Many firms are switching staff counsellors so as to focus on work-related issues, which could form a more targeted approach to stress, says Debbie Lovewell
If you read nothing else, read this …
- Employers are looking to add a greater focus on work-related issues to employee assistance programmes (EAPs).
- EAPs can be tailored to help firms meet the HSE’s stress management standards.
- Schemes which offer a wide range of advice are often associated with lower take up.
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The tide is turning for employee assistance programmes (EAPs). After the huge wave of employers rushing to install a scheme in an attempt to absolve themselves of legal responsibility in stress cases, many are now re-evaluating exactly what they want from an EAP.
Instead of looking to a scheme to offer staff advice on any issue under the sun, employers are increasingly looking to ensure that their EAP has a strong focus on work-related issues. Kate Bawden, health management consultant at Mercer Human Resource Consulting, believes there are two main reasons behind employers’ change of heart. "Firstly, experience shows that take-up is pretty low on general EAPs. If you look at the numbers that are ringing and the reasons they are ringing, they tend to be for personal problems. And with the HSE now looking to tackle stress and their management standards, what I think companies are trying to do is make sure the focus is more strongly on workplace stress than the more general problems people face."
So stress is likely to have played a large role in many employers’ decision to make changes to their EAPs. Schemes, for example, can be used to help employers meet the Health and Safety Executive’s (HSE) stress management standards. "There was an assumption that if they got a tick in the box and they had an EAP service then they would to some extent be protected. But experience has shown them that it’s a very blunt tool. It’s a cheap and cheerful way of offering support but it isn’t sufficiently well targeted. Certainly, when you look at the management standards the HSE is talking about now, they’re very much focusing in on things like job demand, control and [working] relationships. Those are the sort of things they not only want picked up by the EAP, but they want [it] to have a much better understanding of the dynamics involved," adds Bawden.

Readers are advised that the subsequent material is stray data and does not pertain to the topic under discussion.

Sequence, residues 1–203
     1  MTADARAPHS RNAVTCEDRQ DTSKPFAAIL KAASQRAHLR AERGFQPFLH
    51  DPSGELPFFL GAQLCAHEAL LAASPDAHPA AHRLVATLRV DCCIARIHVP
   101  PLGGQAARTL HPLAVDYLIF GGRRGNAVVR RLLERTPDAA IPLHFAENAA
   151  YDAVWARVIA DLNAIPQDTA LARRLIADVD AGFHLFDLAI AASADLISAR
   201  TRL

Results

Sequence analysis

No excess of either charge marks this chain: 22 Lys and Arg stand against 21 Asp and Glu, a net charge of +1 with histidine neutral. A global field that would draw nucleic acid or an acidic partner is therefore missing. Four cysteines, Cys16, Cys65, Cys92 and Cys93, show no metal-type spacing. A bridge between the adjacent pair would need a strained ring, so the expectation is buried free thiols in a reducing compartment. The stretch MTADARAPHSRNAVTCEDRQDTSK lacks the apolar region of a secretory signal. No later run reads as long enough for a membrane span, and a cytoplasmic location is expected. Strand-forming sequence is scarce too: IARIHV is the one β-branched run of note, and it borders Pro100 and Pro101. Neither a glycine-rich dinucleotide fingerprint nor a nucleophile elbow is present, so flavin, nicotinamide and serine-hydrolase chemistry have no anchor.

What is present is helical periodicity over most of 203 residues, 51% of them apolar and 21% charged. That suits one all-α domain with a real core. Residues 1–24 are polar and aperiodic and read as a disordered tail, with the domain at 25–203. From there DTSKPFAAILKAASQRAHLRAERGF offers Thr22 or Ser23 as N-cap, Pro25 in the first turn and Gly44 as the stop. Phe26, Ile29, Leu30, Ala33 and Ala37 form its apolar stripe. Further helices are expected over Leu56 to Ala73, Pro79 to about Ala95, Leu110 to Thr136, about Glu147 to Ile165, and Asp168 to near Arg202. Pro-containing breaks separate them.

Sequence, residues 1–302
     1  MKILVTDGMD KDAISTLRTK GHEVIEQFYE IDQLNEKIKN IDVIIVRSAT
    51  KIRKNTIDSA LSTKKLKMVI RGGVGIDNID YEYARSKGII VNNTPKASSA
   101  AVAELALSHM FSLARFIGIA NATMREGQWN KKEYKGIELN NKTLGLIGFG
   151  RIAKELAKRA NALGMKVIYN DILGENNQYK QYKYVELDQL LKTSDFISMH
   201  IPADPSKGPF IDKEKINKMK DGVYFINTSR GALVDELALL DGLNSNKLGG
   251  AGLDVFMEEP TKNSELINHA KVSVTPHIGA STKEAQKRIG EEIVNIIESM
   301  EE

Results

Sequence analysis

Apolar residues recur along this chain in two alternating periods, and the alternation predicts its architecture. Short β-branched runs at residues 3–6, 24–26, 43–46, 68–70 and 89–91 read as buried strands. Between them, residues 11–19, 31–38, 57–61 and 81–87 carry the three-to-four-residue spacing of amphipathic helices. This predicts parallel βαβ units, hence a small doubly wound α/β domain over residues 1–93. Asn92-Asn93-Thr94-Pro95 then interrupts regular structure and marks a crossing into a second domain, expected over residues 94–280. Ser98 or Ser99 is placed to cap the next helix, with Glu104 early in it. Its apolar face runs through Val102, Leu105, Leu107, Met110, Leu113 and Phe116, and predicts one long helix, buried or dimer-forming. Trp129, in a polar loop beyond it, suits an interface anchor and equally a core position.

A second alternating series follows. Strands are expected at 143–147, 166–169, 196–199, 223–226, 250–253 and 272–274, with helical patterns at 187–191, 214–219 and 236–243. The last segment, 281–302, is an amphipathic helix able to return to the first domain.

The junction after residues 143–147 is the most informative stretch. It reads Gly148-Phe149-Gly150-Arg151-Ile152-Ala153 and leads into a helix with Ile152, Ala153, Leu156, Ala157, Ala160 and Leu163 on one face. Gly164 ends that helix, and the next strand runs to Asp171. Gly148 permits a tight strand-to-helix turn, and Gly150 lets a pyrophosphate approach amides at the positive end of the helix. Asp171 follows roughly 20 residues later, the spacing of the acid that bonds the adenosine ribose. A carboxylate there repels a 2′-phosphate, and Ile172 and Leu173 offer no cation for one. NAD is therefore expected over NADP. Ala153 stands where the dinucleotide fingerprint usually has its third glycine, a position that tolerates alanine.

BPP Law School switched EAP providers earlier this year to help staff cope with stress at work. Its new scheme covers work-related issues such as stress, career, role difficulties and disputes at work alongside advice on personal issues. Suzanne Emmings, HR manager, says: "Sometimes in peoples’ lives, their problems are not always home-related, but they are suffering from problems at work and we didn’t want that to go unnoticed. We take that seriously."
For retailer Halfords, however, the relaunch of its EAP was not primarily aimed at increasing its focus on work-related issues, but at increasing staff take-up. Sean Morris, head of HR projects, explains: "We wanted to get away from it being called a stress line and [promote] the fact that it can actually be used for many other issues [staff] may have to do with work, family life and anything [else] that may potentially affect [their] time in the office. Some of it comes down to cost as well. It’s not cheap when you’ve got 9,500 people and your usage is far lower than the average for the sector."
Despite experiencing the low take-up that is often associated with more general services, Morris believes it is important to offer staff comprehensive cover. "I wouldn’t want to restrict it because, as we all know, a lot can happen outside of work that can affect people within work."
And, as Bawden concludes, every firm is different: "An awful lot depends on the nature of the company and its demographics. Obviously if it has got a lot of people that have childcare or eldercare problems then those very general support mechanisms are very useful and very much appreciated. But at the end of the day, that’s not what it’s going to be measured on."